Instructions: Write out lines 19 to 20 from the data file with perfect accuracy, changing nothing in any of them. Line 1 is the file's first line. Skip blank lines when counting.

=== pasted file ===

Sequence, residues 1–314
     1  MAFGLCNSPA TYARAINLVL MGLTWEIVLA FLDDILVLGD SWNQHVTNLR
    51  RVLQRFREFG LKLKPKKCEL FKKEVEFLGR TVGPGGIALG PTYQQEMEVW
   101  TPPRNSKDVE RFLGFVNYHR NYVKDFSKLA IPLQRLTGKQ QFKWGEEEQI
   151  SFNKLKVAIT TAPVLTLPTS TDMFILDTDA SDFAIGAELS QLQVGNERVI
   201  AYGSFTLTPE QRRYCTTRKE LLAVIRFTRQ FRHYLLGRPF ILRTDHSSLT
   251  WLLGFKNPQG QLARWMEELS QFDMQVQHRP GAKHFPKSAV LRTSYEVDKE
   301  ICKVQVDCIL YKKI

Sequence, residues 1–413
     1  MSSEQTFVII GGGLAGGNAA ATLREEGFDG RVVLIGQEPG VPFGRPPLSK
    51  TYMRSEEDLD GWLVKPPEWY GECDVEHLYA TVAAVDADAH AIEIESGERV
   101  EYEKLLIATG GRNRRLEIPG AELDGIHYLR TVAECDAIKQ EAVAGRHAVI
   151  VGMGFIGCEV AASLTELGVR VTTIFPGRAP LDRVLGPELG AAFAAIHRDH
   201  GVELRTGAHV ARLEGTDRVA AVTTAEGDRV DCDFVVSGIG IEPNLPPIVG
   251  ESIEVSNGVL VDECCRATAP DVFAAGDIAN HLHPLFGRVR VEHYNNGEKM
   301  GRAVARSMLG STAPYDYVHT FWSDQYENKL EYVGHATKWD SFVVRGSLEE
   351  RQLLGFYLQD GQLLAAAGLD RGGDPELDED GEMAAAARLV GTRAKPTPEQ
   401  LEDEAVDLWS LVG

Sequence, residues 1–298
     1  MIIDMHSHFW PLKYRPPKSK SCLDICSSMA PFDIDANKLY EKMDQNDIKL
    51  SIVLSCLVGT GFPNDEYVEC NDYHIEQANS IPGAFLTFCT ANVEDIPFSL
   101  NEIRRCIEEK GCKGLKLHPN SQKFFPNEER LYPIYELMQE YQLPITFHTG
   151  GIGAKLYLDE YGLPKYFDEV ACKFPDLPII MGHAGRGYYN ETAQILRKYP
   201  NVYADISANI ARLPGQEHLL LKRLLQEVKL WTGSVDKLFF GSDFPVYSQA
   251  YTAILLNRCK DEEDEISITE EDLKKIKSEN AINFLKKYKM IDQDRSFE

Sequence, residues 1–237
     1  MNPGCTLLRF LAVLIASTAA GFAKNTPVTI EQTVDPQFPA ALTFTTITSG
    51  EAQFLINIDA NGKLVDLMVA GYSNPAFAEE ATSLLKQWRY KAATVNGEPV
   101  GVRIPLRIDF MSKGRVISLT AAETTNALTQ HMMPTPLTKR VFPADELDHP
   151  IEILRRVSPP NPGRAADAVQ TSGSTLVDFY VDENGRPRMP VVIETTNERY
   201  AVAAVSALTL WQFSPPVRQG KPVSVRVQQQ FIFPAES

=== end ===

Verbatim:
Sequence, residues 1–298
     1  MIIDMHSHFW PLKYRPPKSK SCLDICSSMA PFDIDANKLY EKMDQNDIKL